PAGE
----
Last week the offense was based on a stubborn power running game to set up the deep pass off play action. But this is the Rams, and the gameplan that was awful against the Giants could be very effective this week. I thought dinking and dunking was necessary against the Giants’ superior defense, but here it may be a waste of time. Hopefully the offensive line will be able to physically dominate the Ram’s weak front seven. After ramming Portis down their throat long enough, we should be perfectly set up to hit Santana Moss deep. The seven step drops infuriated me against the Giants’ pass rush, but against the Rams the line to be able to give Jason Campbell plenty of time.
On defense, I see no reason not to be as aggressive as possible. Bulger is not the kind of QB who is inclined to make you pay for blitzing, and I hope we throw Landry or Horton at him enough times to keep him on his ever so jittery toes. And no more of the soft coverage we ran against the Giants. Bulger still has that talent he displayed in the past, and with adequate time he can still pick apart a defense. Remember the deep pass to Avery that got the Rams into position for the game winning field goal last year? That happened not because Avery beat the coverage – Leigh Torrence had him well blanketed. But then-rookie Kareem Moore was supposed to blitz and blew his assignment. With time to stand back there comfortably, Bulger remembered that he once was a confident, accurate quarterback and threw a beautiful pass that was placed perfectly to float just over Torrence and fall into Donnie Avery’s hands.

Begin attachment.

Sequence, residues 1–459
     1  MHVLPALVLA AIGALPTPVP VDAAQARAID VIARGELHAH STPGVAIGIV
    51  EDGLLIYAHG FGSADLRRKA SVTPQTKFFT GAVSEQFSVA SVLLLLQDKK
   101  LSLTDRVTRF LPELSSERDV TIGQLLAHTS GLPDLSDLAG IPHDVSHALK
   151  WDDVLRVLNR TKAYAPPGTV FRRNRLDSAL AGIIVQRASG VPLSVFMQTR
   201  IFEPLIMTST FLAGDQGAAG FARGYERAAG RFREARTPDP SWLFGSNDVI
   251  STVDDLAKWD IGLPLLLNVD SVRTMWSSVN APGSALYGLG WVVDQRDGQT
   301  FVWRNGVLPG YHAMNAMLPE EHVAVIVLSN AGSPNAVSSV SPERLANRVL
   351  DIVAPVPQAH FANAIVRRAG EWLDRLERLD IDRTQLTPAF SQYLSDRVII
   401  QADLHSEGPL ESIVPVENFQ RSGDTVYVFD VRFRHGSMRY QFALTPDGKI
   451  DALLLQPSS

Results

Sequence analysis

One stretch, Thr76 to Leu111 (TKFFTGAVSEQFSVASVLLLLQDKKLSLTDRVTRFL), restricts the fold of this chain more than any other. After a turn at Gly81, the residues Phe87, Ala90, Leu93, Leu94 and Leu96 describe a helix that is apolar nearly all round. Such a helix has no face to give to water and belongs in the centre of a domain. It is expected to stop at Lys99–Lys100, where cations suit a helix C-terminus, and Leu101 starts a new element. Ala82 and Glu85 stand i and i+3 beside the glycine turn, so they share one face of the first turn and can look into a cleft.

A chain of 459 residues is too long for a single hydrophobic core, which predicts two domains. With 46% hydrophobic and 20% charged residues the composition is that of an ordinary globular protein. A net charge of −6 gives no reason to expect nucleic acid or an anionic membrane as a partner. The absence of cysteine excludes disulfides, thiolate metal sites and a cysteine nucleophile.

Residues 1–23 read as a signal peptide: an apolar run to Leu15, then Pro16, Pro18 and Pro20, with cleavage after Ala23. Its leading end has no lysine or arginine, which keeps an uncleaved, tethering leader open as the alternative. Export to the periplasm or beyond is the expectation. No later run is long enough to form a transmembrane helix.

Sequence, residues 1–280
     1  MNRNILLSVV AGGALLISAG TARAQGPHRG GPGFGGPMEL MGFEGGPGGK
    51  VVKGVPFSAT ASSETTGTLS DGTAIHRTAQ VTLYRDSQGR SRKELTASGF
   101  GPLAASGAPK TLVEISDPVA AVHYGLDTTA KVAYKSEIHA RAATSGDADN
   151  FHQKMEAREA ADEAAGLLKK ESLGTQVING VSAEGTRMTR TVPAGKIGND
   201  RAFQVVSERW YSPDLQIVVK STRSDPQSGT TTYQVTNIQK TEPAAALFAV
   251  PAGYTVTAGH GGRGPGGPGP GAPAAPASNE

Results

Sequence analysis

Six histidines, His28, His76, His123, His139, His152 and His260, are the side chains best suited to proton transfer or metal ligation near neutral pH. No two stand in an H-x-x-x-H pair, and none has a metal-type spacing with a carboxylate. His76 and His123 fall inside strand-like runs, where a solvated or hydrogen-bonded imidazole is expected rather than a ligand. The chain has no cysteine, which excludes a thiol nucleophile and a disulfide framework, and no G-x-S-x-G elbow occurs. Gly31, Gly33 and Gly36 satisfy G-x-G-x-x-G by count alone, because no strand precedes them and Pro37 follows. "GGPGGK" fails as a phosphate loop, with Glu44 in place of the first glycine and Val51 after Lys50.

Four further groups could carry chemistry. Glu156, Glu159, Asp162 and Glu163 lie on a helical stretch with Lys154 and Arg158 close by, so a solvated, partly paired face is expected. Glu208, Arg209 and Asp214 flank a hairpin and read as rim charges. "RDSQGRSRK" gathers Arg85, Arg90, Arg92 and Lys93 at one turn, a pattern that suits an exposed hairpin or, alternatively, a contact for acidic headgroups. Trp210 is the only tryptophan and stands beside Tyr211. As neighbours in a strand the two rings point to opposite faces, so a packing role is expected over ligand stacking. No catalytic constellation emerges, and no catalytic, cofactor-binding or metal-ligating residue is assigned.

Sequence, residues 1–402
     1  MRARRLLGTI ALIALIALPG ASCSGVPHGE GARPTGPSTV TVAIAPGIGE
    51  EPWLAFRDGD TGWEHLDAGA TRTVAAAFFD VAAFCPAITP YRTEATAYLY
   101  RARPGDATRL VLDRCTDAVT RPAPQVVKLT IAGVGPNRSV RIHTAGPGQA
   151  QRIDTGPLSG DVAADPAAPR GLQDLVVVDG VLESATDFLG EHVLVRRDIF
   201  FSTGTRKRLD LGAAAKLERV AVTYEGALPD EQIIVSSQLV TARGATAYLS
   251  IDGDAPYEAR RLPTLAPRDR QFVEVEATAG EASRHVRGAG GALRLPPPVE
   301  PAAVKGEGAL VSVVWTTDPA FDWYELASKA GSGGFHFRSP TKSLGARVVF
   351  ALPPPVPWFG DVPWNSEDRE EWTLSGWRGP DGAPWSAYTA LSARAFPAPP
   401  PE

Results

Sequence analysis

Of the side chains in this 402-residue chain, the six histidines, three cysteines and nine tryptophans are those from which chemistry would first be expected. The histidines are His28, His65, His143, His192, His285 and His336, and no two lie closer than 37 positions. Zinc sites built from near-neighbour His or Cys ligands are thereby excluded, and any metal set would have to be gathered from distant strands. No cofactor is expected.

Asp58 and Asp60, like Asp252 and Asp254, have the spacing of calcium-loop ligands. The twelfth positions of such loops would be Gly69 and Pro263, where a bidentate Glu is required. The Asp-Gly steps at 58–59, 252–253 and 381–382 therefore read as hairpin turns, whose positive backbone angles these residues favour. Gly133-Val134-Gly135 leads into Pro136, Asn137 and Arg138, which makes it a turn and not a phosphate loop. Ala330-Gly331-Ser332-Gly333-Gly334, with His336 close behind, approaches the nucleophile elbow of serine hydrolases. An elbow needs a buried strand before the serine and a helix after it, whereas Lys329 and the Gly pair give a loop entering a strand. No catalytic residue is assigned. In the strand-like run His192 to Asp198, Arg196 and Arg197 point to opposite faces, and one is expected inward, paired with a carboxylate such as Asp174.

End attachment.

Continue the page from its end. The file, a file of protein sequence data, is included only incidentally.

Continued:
I want the Redskins to come out aggressive and get an early lead. The Rams offense should not be able to get consistent production, but they have enough big play ability with Avery and Jackson that it’s just not safe to go deep into the second half with only a narrow lead. You never know; Campbell could get blindsided, causing the ball to pop straight up into the air, falling by chance into the hands of an offensive lineman who instinctively catches it, then fumbles as soon as he is hit, and the fumble could be picked up by a DB with an open 75 yard path to the end zone. Don’t scoff – it could happen. It’s on the offense to take sufficient advantage of their weak opponent that a fluke like that won’t matter.

Some other previews, most of which can't help but see the Rams as a perfect confidence-builder after a deflating opening week:
Real Redskins predicts a dominant win, and a chance to finally get Malcolm Kelly into the game.
Hogs Haven also sees the Rams as the perfect opportunity for all the Redskins underachievers to live up to potential, and invites a Seahawks blogger who last week got to see his team treat the Rams as a tasty snack.
Curly R has a two-part series on Rams head coach Steve Spagnuolo and his long and, to put it mildly, eventful relationship with the Redskins.
Football Outsider Doug Farrar goes on the Post to to preview the game and outlines how nearly all the matchups favor the Redskins.
There seems to be unanimity out there that last year loss was a fluke, and there is absolutely not excuse not to dominate this team. Last weeks loss was nothing to panic over. If the Redskins somehow manage to lose to the Rams for the second year in a row, we are going to have an awful lot to talk about next week.